Songbird in a sea of blue

JUNEAU, Alaska — Petty Officer 2nd Class Evelyn Stumpf, a legal assistant with the 17th Coast Guard District, sits at her desk at district headquarters April 30, 2012. When not assisting the district legal team, she works on her budding singer-songwriter career from home and at a recording studio in Seattle. U.S. Coast Guard photo by Petty Officer 3rd Class Grant DeVuyst.

For a service member, uniformity is a way of life. From the rules, to the ranks, to the clothes, all aspects of the job are saturated with standardization. While uniformity is necessary, the repetition can be dull.

However, service members are also individuals, and have interests, hobbies and pastimes that make them all different. Some people fish, others play hockey, and it is likely one or two enjoy polka. These passions make the person behind every uniform.

Petty Officer 2nd Class Evelyn Stumpf, a legal technician for the 17th Coast Guard District legal office, puts on the same uniform as her coworkers every morning and sits in front of a computer similar to any other in the Coast Guard. Her job is not unlike that of many other yeomen at a district office.

When Stumpf heads home to work on her unique hobby, the uniformity comes to an abrupt halt. She sheds off her Coast Guard persona, and becomes Evie, the up-and-coming singer-songwriter.

“Music is huge to me,” said Evie. “I love writing and I love singing.”

Shortly after being stationed in Juneau while entering her tenth year of Coast Guard service, Evie decided to do something with her lifelong passion for songwriting and singing. She started working with a Seattle recording studio to produce her first album, Gumption, in August 2011.

“Once I got here, to Alaska, it brought out more of a need and a want for music,” she said. “I felt it was time.”

As an active duty member, she had to face the challenge of working around her full-time Coast Guard schedule.

“Although everyone in the office is aware that she’s been working on this, you wouldn’t know it with what’s she’s doing at work.” said Lt. Cmdr. Greg Versaw, the deputy staff judge advocate for the 17th District legal office, and Evie’s supervisor. “Everything she’s done has been on her own time.”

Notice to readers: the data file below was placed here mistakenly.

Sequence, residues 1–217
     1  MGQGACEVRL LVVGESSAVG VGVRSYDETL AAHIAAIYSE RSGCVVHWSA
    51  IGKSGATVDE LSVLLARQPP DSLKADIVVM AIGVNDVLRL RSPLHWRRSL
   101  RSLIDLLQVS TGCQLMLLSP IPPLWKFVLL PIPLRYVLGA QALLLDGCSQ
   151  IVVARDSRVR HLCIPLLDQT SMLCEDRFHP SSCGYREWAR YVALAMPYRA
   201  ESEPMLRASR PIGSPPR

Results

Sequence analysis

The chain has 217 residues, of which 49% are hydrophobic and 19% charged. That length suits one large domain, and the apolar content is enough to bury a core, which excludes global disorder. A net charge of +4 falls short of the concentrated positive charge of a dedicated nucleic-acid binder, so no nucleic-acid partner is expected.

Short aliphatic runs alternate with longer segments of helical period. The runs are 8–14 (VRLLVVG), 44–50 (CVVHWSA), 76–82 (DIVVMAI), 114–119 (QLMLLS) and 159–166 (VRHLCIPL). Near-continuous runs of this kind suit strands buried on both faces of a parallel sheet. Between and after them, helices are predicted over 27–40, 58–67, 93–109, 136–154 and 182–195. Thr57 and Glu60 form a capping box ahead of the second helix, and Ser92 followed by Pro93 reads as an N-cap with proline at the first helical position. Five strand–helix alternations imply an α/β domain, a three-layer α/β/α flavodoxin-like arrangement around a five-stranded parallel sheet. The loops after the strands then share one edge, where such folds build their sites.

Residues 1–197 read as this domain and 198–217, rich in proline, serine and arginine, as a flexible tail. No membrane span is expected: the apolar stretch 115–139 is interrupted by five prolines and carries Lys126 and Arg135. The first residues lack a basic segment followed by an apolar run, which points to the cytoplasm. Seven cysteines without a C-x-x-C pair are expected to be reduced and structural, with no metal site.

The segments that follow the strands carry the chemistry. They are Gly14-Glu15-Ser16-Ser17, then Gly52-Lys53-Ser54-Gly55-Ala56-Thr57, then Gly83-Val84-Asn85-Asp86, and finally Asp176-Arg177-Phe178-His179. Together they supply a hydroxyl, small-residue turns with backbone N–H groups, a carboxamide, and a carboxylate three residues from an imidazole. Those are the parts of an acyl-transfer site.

Evie took time off work when she could, and flew to Seattle, where she worked long hours with a producer to put out her first album as quickly as possible.

“They recorded all day,” said Petty Officer 2nd Class Sean Stumpf, Evie’s husband, and a yeoman for the Base Support Unit Ketchikan detachment in Juneau. “They would start at eight or nine and wouldn’t finish until midnight, to make good use of her time in Seattle.”

At home, Evie had a team of family, friends and coworkers cheering her on.

“When she came out with the CD she had a private listening party with her close friends,” said Petty Officer 2nd Class Isabel Bonilla, a yeoman with the Base Support Unit Ketchikan detachment in Juneau. “I love her music, and it’s not just because she’s my friend.”

Only a few months after finishing the album, Evie’s hard work, and the support she was receiving, paid off. In April, her album became available on iTunes, a major landmark in the process.

“I called Sean up and said, ‘Hey, the album is released on iTunes,’” said Evie. “He told everyone in his office and I told everyone in mine. Everyone was very supportive.”

The news brought a wave of excitement.

“I’ve never known anybody before who has released an album,” said Versaw. “It’s pretty impressive.”

Apparently, Versaw was not the only person who was impressed. According to the website reverbnation.com, Evie’s album is number two on the Juneau pop chart.

With that big step behind her, Evie looks to the future. And since her work is easily accessible to millions via the Internet, her passion for music is still strong.

“I don’t consider this my last album,” she said. “I have so much stuff, so much material, so many things I want to say.”